EY’s Renewable Energy Country Attractiveness Index (RECAI) ranks markets across the globe based on investment and implementation opportunities in the renewables space. Out of all countries assessed, the 40 best performing countries are listed in the index.
South and Southeast Asia have a strong representation in the list, with more than seven countries making the top 40. China has been among the top markets worldwide for years now, although the country has slipped one spot to second, providing the United States to regain pole position.
EY attributes China’s fall to a government shift from subsidising the renewables sector to allowing it to develop competitively. The Covid-19 crisis also appears to have played a part in its dip, although the Big Four accounting and advisory firm anticipates a promising future for the country’s renewables market.
India is the next country from the region to feature on the index, holding 7th place. The country has fallen significantly on the rankings, having previously occupied third position. According to EY, India is expected to fall short of its renewable energy generation target of 175GW by 2022, which has been branded ‘disappointing’ among the global community. The Covid-19 crisis has worsened this scenario.
Japan follows in tenth place, having also fallen from its previous ranking of eighth. The country’s relatively low score in the solar power energy segment is partially responsible for this dip. Next on the list from South and Southeast Asia is South Korea in 17th place, however, the country has risen on the rankings from 20th.
The Philippines comes in at number 28, having jumped up from its previous ranking of 32nd, which EY attributes to a recent government initiative aimed at attracting $2 billion of investments towards renewable energy. Under the green energy tariff programme, the government plans to hold a 2GW auction that will make up some ground towards the country’s 2030 target of 15GW.
Vietnam rounds up the region’s presence on EY’s RECAI, ranking 39th. The position represents a devastating drop for Vietnam, given its previous rank of 23rd. The country had a boom-and-bust cycle in solar energy over the course of last year, while overall uncertainty has dampened Vietnam’s future forecasts as well.
Asia’s renewables sector
Going forth, EY expects that the renewables sector in South and Southeast Asia will continue its growth. A PwC report from 2018 explained how the Asia-Pacific region as a whole is expected to see up to $250 billion in new renewable investments in the lead up to 2025. Accroding to EY Asean Resources Market Segment Leader Sanjeev Gupta, the region will weather the Covid-19 storm.
“The balance sheet and cashflow of energy players are essentially supported by long-term contracts for the sale of renewable electricity; they are therefore not likely to be affected by any short-term fluctuations such as the Covid-19 pandemic. Renewables are also seen as a less risky investment by the loan and capital markets and furthermore, prices of renewables are at parity with grid or even lower than thermal electricity, and not affected by changes in oil and gas prices. Hence, the economic case for renewables remains intact,” he said.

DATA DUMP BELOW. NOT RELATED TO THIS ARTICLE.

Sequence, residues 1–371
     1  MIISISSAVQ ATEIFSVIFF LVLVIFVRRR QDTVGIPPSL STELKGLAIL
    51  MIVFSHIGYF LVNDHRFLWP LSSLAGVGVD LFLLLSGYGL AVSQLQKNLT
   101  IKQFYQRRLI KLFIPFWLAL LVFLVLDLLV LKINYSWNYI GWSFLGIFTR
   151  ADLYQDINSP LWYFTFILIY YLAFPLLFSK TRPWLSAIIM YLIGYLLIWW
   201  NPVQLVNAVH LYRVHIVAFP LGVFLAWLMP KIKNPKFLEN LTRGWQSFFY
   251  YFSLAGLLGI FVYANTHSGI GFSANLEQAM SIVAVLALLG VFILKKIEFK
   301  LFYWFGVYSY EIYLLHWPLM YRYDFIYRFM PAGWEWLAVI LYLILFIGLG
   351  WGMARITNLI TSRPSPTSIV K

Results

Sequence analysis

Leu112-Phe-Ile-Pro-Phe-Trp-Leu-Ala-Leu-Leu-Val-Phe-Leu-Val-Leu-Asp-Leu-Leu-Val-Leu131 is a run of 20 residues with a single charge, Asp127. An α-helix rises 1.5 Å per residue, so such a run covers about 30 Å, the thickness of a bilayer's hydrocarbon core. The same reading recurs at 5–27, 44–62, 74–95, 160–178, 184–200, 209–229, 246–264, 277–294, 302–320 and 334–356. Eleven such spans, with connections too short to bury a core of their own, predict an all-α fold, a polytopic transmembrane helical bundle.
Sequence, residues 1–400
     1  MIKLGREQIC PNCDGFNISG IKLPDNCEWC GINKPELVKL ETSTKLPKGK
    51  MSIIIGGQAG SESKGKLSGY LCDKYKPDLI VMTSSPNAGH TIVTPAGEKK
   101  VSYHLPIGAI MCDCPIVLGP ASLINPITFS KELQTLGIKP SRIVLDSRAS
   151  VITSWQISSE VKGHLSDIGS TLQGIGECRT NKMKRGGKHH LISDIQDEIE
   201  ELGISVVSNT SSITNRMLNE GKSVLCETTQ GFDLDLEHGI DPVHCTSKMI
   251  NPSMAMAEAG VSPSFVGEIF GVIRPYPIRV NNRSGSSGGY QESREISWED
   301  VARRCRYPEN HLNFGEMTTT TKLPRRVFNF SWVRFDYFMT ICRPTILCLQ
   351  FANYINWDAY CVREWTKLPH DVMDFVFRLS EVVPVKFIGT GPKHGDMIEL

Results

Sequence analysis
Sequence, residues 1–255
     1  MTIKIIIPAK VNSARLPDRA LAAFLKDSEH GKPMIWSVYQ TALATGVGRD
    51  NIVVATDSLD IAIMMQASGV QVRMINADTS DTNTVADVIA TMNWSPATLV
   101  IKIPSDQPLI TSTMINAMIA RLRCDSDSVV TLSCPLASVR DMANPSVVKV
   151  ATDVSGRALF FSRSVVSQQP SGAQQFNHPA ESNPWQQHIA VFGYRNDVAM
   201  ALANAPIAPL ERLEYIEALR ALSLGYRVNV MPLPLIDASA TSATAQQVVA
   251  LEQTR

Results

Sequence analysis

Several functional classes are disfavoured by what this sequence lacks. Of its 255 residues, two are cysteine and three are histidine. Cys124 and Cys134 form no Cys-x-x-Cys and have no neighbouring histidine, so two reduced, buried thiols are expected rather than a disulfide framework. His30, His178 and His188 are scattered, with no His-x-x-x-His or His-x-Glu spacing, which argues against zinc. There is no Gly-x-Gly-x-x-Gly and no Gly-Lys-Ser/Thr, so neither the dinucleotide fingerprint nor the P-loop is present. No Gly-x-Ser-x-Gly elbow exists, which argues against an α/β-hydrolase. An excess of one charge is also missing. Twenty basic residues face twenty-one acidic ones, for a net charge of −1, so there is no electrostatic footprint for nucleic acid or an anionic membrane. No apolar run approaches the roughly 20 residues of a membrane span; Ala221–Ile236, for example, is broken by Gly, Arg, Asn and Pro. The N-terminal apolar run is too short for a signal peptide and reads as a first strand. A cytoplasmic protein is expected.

Outside of Asia
Outside of Asia, the US leads the way this year, making the top of the list for the first time since 2016. According to EY, the country has investments of nearly $60 billion earmarked for offshore wind energy alone in the coming period, looking to develop capacity of 30GW by 2030.
France made third place behind the US and China. The country has accelerated its transition away from nuclear power recently, bolstering its wind and solar capacity with competitive pricing levels. Australia follows France in fourth, having jumped up from its previous rank of fifth.
Western Europe dominated the rest of the top ten, with Germany, the UK, Denmark and the Netherlands all making an appearance. EY points to the UK’s new proposal to promote a wider array of wind and solar energy development, which has secured a jump in the rankings for the country.
Spain and Ireland both narrowly missed the top ten, although both made significant progress since the last ranking. They were followed by Chile, which remained in the same place as last time, while Israel broke into the top 20 with a jump from 22nd to 14th. Other countries in the top 20 are Canada, Brazil, Argentina, Italy and Belgium. Argentina’s fall from 11th to 18th is based on high political uncertainty which is slowing the investment landscape.
Non-Asia-Pacific countries between the ranks of 20 and 30 are Switzerland, Sweden, Morocco, Finland, Mexico, Norway, Portugal, Egypt and Jordan. The case of Egypt is notable, where poor price forecasts and revised renewables targets have taken the country all the way down from 12th to 29th.
Rounding off the top 40 countries are Poland, Saudi Arabia, Greece, Turkey, South Africa, Kazakhstan, United Arab Emirates (UAE) and Kenya. This is Saudi Arabia’s first presence in the top 40, which can be attributed to country’s plans to reach 60GW in capacity over the next decade. South Africa and the UAE have also made the top 40 for the first time.
According to EY Global Energy Leader Benoit Laclau, the outlook is promising for all these markets going forth. “This is a defining and transformative moment for the energy industry, despite the current crisis. Stakeholders are looking to collaborate and invest in companies where climate change and sustainable development is embedded in their strategy. Energy leaders should take action to invest in renewables and related sustainable long-term projects, including energy efficiency, smart power networks and low-carbon transport infrastructure.”